Wednesday, 5 December 2012

Documentary Editing Introduction

For my second project in this module, we were asked to edit footage taken from a documentary called ‘In A Climbers Hands’. This documentary followed a young man who explained about the different locations he climbed in, different styles of climbing and about obstacles he faces. It looked like quite interesting footage.

I enjoy watching documentaries. I feel that they present information in a very expressive way, a way the audience can connect and understand the information they are being presented with, as well as being able to envision what the documentary is about – for example, a space documentary has interviews by experts, but also shows footage of what they are talking about (be it CGI or real footage taken from space) to allow the audience to entice themselves further into this story.  I also enjoy how documentaries can be created as entertaining as drama features – only the features are reality.
In regards to editing, Documentaries do tend to present many challenges to an editor. Documentaries allow an editor to play a ‘writer’s’ role within the film to select the correct shots and construction to present the story clearly and effectively.
One of the important features of editing is the Structure and Style. There are different ways you can build a documentary. The aim of this style of film is have an end product that tells the audience an engaging story. In regards to structure, there is a variety of ways/forms that the film tends to take:
·      Using ‘the voice of god’/narrator to guide you through the film
·      Interview sound bites that completely tell the story.
·      Re-enactments used that show the events that happened by using acted scenes or readings.
·      The hidden observer – the audience being involved almost.
It is known that the best way to approach a documentary is to use a combination of all these forms. For example, you may be able to set out an entire story, which is completely told through the use of sound bites, however it isn’t entirely ‘fleshed’ out. This is where parts of narration would help clarify the story and bind all the elements together to bring the piece together as a whole for the audience to understand.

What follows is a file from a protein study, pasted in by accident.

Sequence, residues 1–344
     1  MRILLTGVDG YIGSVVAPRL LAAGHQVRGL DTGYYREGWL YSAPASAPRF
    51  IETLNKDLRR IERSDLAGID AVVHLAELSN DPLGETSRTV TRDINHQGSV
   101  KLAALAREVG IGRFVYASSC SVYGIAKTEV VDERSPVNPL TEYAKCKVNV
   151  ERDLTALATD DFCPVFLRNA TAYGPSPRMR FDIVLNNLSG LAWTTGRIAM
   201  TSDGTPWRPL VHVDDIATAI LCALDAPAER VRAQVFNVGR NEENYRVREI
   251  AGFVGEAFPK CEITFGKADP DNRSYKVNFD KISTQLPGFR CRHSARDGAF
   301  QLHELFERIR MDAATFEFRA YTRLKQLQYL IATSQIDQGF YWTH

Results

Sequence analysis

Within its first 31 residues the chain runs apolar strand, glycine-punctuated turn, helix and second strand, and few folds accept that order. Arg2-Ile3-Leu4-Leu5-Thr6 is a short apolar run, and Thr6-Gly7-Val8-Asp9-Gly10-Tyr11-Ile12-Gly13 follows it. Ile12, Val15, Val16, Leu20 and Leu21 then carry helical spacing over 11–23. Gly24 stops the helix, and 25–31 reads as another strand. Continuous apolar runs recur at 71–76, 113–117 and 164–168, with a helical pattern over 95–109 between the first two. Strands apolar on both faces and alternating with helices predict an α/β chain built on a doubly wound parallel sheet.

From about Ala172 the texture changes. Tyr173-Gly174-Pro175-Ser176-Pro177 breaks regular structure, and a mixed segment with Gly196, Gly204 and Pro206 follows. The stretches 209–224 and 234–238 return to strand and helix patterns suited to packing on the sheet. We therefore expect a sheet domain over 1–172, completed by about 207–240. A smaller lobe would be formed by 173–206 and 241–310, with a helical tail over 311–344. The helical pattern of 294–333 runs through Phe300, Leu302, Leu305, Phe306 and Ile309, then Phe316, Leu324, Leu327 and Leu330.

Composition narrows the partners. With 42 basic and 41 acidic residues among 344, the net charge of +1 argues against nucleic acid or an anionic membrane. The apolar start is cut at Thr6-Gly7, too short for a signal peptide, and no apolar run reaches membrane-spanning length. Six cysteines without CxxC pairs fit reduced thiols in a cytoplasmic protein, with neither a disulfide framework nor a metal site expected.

Another important feature, which is mentioned above, is the Story Arc or the Character the film is focusing on.  The people you see within a documentary are real, but when it comes to watching the film, the audience perceives that these people are no less characters in a film, playing a role performed by a dramatic actor. For the editor, the way sound is selected and put them together (as well as the order that these are presented to your audience) establish this vital story arc, but allows the audience to create the idea of heroes and villains within their minds.
Audiences have always wanted a film that starts with a logical beginning, it then needs to build some form of tension and then have an ultimate resolution. This doesn’t mean that every film created needs to have a happy ending, just an ending that allows the story to leave the audience with conclusions and answers.
A key aspect to think about when it comes to editing the story arc is to ensure that your characters are balanced out. In interview-based documentary stories, the same, or similar questions are asked to a variety of interviewees as the different interviews are taking place. This is extremely helpful when it comes to the editing stage because it allows you to balance the different on-camera appearances, and mix them up when choosing whose response to use in the final film. This way, it allows the same subject to be discussed between a number of people, rather than heavily viewing one person. TIP: it’s sometimes best to have one person start the thought or the statement the film is trying to get across, and then conclude with another, assuming that the two different compliment each other.
Another important idea behind editing a documentary is Objectivity. The majority of documentaries are created from a point-of-view, and sometimes a bias one of the people involved – whether it be those in-front or behind the camera. Even if you try to portray each side of an argument fairly, the choice of shots and sound bites reflect an almost ‘sub-conscious’ opinion of the person who’s in charge of making that decision. An important tip for this aspect is it ensures that as an editor, you make it clear that this is a personal statement by those involved, so the audience isn’t forced or tricked into believing the filmmakers view.

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